John Owen Dominis (March 10, 1832 – August 27, 1891) was an American-born statesman. He became Prince Consort of the Kingdom of Hawaiʻi upon his marriage to the last reigning monarch, Queen Liliʻuokalani. Dominis, along with his brother-in-law King Kalakaua were both members and Past Masters of Lodge Le Progres de l’Oceanie, and established the Ancient & Accepted Scottish of Freemasonry in the Hawaiian Islands. John Owen Dominis was the first Freemason in the Kingdom of Hawaii to receive the 33° of Freemasonry and also served as the first Venerable Master of the Lodge of Perfection.
His father was an Italian sea captain named John Dominis (born Giovanni Dominis, 1796–1846) who came to America in 1819 from Trieste during the Napoleonic Wars. He was a descendant of the Venetian noble family of Conti Palatini de Dominis de Arba, that had its origins in the island of Rab in Croatia. His mother was Mary Jones, an American of English descent. Working for Josiah Marshall of Boston, Massachusetts, Captain Dominis sailed from North America across the Pacific, often stopping in Hawaii. One of his ships used on the trading voyages was called “Owhyhee” (an older transcription of ‘O Hawai’i). The captain married Mary Lambert Jones (1803–1889), daughter of Owen Jones and Elizabeth Lambert, on October 9, 1821, and had two daughters, Mary Elizabeth (1825–1838) and Frances Ann Dominis (1829–1842). About 1831, they moved to Schenectady, New York, and son John Owen Dominis was born on March 10, 1832.
Captain Dominis (1796–1846)
In 1837 the captain moved his wife and son from New York to Honolulu, Hawaii. King Kamehameha III awarded land to the family in 1842 as settlement of a lawsuit with the British Consul Richard Charlton. The captain continued to take voyages to raise money for the construction of a large house. In 1846 he sailed for China on the Brig William Neilson, intending to purchase Chinese-made furniture for the house which was nearing completion. The ship was lost at sea, along with the American Agent George Brown, and Mary became a widow. Mary rented a suite of rooms to support herself and young John Owen. One of the first boarders established the American Legation in the house and named it “Washington Place”, which was used as a governor’s residence and is now a museum.
He attended a day school run by Mr. and Mrs. Johnston that was next to the Royal School founded for the children of the native Hawaiian nobility. Dominis would climb the fence to look at the princes and princesses, and became friends with them. For a time, Dominis was a mercantile clerk in San Francisco, and later he served as a clerk in a Honolulu commercial house. By 1856 he was on staff to a Prince, and accompanying the royal family on their travels. On September 16, 1862 Dominis married Lydia Kamakaʻeha Pākī, later Queen Liliʻuokalani, whom he had met during school days. They had been engaged for two years, but had to delay their wedding due to the death of Prince Albert, the young son of King Kamehameha IV.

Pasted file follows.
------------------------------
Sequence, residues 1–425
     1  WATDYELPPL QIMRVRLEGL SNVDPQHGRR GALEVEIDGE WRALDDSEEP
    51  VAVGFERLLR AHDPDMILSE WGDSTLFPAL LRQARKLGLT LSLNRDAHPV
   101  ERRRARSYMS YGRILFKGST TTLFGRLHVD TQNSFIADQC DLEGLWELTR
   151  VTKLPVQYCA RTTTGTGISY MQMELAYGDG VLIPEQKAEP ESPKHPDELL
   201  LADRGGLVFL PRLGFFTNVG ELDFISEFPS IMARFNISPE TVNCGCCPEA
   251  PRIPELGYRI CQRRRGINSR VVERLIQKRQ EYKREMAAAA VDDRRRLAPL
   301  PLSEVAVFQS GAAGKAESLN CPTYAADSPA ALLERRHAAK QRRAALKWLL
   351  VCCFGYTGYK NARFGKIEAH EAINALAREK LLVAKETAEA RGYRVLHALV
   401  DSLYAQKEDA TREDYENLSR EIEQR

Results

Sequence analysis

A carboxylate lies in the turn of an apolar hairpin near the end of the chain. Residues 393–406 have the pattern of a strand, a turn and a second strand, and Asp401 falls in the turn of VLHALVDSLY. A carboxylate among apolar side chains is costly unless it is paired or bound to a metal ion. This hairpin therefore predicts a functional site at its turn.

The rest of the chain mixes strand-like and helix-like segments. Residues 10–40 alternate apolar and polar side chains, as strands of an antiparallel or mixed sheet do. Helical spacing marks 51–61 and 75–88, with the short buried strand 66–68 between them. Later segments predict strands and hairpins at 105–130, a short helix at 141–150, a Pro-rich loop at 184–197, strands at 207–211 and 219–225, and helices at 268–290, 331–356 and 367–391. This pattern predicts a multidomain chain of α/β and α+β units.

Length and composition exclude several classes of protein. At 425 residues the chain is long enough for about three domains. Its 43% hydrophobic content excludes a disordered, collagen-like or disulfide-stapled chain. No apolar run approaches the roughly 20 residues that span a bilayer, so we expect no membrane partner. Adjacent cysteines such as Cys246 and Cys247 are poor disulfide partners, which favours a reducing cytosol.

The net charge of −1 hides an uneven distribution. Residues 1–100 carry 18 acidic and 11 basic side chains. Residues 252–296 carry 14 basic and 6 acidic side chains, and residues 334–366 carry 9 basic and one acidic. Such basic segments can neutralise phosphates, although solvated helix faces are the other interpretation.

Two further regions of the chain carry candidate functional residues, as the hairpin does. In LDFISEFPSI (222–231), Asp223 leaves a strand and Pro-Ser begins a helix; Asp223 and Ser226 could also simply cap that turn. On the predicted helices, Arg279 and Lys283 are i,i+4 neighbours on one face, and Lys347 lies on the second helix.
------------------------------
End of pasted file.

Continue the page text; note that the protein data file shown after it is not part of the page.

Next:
His marriage to Liliʻuokalani and his friendship with King Kamehameha V brought him many honors. For example, he was a Royal Commander of the Royal Order of Kamehameha, the Royal Order of Kalākaua, and several others. From 1863 he served on the King’s Privy Council. Dominis served from 1864 to 1886 in the House of Nobles, and from 1868 until his death as Royal Governor of Oʻahu. He served on the Board of Health, Board of Education, Bureau of Immigration, and was Quartermaster General and Commissioner of Crown Lands. From 1878 to 1886 he served as Royal Governor of Maui. In 1886, he was appointed Lieutenant General and Commander in Chief.
Mary Dominis died on April 25, 1889, and he and Liliʻuokalani inherited Washington Place. Liliʻuokalani became Queen when her brother King Kalākaua died on January 20, 1891, which made Dominis Prince Consort. Dominis died less than a year later on August 27, 1891, in Washington Place and was buried in the Royal Mausoleum known as Mauna Ala.